States are far more stratified, with much greater inequality, than tribal societies. The head of state and his administration are often separate from the rest of society. This has often led to a hereditary elite. The social isolation of royalty has repeatedly instigated simmering insurrection: typically, over the course of centuries, albeit abruptly with especially inept leadership.

The opportunities for egregious exploitation of others is limited in both scope and duration in tribal societies. Slavery and serfdom scale up under the aegis of states, especially under governments endeared to cronyism or corruption, but arising even in those that are laissez-faire.

Modern democracies tolerate vast socioeconomic inequalities and exploitation by employers. Money talks while politicians listen, begging bowl in hand.

Finally, states are legitimized by more elaborate forms of religious belief: a priestly class as cultural guardian of the status quo. Sometimes priests take power. In modern governments, a constitution may serve as official religious dogma, with constitutional jurists as the overclass of priests.


Iran hosts one of the world’s oldest civilizations. Since 1979, Iran has been a Shiite Islamic theocracy, with a mind-set that would not have seemed out of place in the 9th century.

In a nod to modernity, Iran’s unique polity has an overlay of parliamentary democracy. An unelected “guardian council” of 6 theologians and jurists, all beholden to the Supreme Leader, must approve all candidates for public office. Iran’s armed forces answer to the Supreme Ruler.

Bickering from the mid-1990s between elected reformists and the conservative establishment was subdued by hardline conformists regaining firm control a decade later. Absent a revolution, those succoring stagnation typically triumph. The US is like Iran in having a reactionary theocracy, with corporate capitalism as the creed.


Societal norms ensure stability to political systems and creates emotional investment in the belief system underlying a particular polity. Whether religious or secular, this investment in custom and tradition creates a conservative crustation that can be non-responsive to changes in societal circumstance, or even the needs of its citizens. The conservatism of societies thus becomes a source of political decay.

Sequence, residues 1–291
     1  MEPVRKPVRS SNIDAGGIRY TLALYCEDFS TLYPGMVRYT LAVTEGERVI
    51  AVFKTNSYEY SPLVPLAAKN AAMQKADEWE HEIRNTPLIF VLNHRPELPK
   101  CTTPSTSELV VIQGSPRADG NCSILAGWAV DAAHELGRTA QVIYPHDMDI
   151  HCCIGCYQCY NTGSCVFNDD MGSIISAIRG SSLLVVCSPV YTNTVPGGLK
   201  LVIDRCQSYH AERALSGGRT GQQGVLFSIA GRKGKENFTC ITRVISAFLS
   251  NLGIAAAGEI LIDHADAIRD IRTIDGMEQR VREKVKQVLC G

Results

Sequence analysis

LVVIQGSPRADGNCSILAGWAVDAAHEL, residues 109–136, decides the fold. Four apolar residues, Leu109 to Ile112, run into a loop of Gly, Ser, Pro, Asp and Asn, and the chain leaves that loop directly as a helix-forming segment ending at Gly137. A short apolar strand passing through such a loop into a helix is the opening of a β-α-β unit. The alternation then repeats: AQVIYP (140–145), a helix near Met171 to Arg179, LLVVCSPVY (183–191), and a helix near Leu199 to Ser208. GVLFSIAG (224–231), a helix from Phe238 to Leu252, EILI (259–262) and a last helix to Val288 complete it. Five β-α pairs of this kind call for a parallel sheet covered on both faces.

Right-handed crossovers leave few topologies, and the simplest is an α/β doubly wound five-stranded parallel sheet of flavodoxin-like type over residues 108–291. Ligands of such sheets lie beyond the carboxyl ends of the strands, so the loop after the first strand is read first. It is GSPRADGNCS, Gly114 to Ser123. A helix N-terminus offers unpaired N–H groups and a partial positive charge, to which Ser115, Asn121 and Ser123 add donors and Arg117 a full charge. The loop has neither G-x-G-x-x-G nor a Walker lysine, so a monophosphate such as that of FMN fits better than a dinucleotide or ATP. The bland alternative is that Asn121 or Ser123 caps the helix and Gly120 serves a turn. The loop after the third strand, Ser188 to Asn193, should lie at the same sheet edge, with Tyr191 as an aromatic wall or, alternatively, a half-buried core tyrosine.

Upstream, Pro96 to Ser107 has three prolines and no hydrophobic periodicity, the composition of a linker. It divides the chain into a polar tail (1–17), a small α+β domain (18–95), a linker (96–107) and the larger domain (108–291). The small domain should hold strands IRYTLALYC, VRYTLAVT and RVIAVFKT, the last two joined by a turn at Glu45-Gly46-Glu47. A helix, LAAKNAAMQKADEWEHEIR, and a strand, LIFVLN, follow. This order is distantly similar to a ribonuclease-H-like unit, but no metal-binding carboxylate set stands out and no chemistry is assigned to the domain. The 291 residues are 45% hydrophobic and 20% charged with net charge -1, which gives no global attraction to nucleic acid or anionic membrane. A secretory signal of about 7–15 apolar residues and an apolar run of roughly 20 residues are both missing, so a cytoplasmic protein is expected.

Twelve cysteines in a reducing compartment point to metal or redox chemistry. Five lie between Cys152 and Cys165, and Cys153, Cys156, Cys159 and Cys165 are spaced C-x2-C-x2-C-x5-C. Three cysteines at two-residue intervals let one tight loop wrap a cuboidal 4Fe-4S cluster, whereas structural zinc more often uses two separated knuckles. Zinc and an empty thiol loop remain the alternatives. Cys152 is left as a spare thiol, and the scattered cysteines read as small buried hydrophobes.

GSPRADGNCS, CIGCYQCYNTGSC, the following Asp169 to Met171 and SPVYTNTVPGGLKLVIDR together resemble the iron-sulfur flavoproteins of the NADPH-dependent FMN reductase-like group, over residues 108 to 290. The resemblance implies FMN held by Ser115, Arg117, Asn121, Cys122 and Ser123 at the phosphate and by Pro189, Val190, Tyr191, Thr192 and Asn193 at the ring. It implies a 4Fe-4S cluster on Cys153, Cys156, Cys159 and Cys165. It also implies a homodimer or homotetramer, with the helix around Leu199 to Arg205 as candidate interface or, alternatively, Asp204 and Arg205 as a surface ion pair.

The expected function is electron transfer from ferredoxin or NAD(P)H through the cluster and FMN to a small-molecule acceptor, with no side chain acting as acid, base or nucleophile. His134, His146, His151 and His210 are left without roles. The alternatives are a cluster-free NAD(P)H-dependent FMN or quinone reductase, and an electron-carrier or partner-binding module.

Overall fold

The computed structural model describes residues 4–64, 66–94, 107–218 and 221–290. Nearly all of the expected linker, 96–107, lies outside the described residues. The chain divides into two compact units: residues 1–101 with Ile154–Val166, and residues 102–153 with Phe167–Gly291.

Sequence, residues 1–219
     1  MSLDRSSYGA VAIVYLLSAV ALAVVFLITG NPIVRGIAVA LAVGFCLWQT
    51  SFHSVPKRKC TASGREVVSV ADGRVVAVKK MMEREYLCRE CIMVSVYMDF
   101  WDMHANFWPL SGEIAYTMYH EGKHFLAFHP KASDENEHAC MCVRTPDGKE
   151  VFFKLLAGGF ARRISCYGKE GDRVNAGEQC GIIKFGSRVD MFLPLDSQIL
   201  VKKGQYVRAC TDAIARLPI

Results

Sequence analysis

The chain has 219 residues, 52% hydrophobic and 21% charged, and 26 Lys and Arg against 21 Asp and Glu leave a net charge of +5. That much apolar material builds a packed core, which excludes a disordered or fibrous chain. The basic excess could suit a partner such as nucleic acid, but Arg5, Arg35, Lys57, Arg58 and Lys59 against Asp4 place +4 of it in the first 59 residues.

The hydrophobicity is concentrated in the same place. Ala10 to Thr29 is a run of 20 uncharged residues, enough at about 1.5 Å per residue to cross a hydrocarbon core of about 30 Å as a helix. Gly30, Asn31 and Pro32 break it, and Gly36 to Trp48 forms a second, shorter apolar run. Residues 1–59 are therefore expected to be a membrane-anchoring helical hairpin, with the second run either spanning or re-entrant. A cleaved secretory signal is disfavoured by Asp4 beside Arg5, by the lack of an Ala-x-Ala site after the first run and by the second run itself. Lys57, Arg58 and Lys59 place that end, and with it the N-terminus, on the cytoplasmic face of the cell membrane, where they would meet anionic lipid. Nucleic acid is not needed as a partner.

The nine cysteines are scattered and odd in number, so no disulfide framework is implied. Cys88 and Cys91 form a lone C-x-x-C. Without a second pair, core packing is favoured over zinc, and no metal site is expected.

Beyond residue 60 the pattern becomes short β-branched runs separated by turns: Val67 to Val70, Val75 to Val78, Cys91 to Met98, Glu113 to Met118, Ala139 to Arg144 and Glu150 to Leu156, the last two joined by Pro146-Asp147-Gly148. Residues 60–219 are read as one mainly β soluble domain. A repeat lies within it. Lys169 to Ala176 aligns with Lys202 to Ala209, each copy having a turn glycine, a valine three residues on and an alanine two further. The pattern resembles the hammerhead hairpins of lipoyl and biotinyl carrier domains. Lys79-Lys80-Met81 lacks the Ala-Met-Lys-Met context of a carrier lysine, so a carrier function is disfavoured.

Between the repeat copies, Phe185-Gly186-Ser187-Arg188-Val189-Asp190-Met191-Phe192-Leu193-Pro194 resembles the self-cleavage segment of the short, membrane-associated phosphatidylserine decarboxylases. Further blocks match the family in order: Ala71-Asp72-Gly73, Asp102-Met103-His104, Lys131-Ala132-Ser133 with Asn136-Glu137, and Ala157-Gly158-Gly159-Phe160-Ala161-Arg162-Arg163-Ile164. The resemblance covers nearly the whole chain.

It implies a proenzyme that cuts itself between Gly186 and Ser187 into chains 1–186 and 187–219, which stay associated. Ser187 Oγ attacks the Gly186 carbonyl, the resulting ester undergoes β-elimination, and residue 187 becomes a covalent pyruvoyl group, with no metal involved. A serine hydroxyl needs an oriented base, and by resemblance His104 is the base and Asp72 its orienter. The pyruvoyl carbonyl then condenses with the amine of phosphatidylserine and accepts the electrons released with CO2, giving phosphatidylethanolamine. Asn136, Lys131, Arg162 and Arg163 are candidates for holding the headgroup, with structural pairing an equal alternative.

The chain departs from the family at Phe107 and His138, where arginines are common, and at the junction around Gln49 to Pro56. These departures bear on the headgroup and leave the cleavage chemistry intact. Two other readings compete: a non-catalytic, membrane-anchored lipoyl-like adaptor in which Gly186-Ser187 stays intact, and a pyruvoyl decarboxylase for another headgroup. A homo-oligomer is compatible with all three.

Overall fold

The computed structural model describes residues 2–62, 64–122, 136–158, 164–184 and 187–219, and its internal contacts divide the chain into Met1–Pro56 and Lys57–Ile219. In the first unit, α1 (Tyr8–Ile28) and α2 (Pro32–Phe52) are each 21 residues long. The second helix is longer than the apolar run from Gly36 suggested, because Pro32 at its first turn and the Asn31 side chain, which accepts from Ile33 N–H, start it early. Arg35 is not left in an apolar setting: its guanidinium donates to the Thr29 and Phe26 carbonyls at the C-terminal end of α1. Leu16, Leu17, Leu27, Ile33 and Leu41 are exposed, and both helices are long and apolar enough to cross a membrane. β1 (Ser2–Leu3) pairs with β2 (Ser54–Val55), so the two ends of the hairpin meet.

Institutions created under certain circumstances become dysfunctional, but do not change because of emotional investment by a powerful faction. This creates a ratchet effect to social change.

Because incremental adjustments to institutions do not occur, prolonged stasis is followed by catastrophic change. This explains why violent upheaval has been so central to political evolution.

Polity evolved as a mechanism for maintaining the status quo via a state monopoly on violence, yet the potential for revolution constantly lurks as the only means to effect political change. Societies become stuck in a dysfunctional stasis because stakeholders in the status quo veto institutional reform. Violence becomes the only means to break the inertia.

A desire for recognition is another driver of politics. Political power rests upon social status: the degree to which a leader or institution is regarded as legitimate and commands the respect of vital constituents.

The building blocks of political evolution are born of biology. Human nature remains a constant regardless of environment or culture; hence it is unsurprising that widely separated societies have often come to strikingly similar solutions to the problems facing polity. Societal rules evolved from those based upon kinship, increasing steadily in complexity as relations became more distant and trust less sure.

Societies went on to develop impersonal institutions of political administration. Across the globe, all developed centralized bureaucracies have a single leader, however powerful or titular in practice. Comparable institutions arose in countries with divergent cultures because the concepts behind our sociality are universal.

Historically, an elitist monopoly of power gave way to democratic ideals as those who gained economic power became decoupled from the political power base. China, with millennia of centralized authority, is presently struggling to retain the status quo while giving passing semblance of democratic response to popular will; an impetus resulting from economic ascendance and a burgeoning middle class.

That social needs and wants are similar, regardless of culture, explains why societies with distinct cultures have commonly converged in their institutions and political outlooks. Differences are almost always only by degree, even when political leaders advertise themselves as revolutionary in political thought.

The universal role of government is to maintain social order. As all human societies are strongly materialistic and territorial, enforcing property rights is a central concern.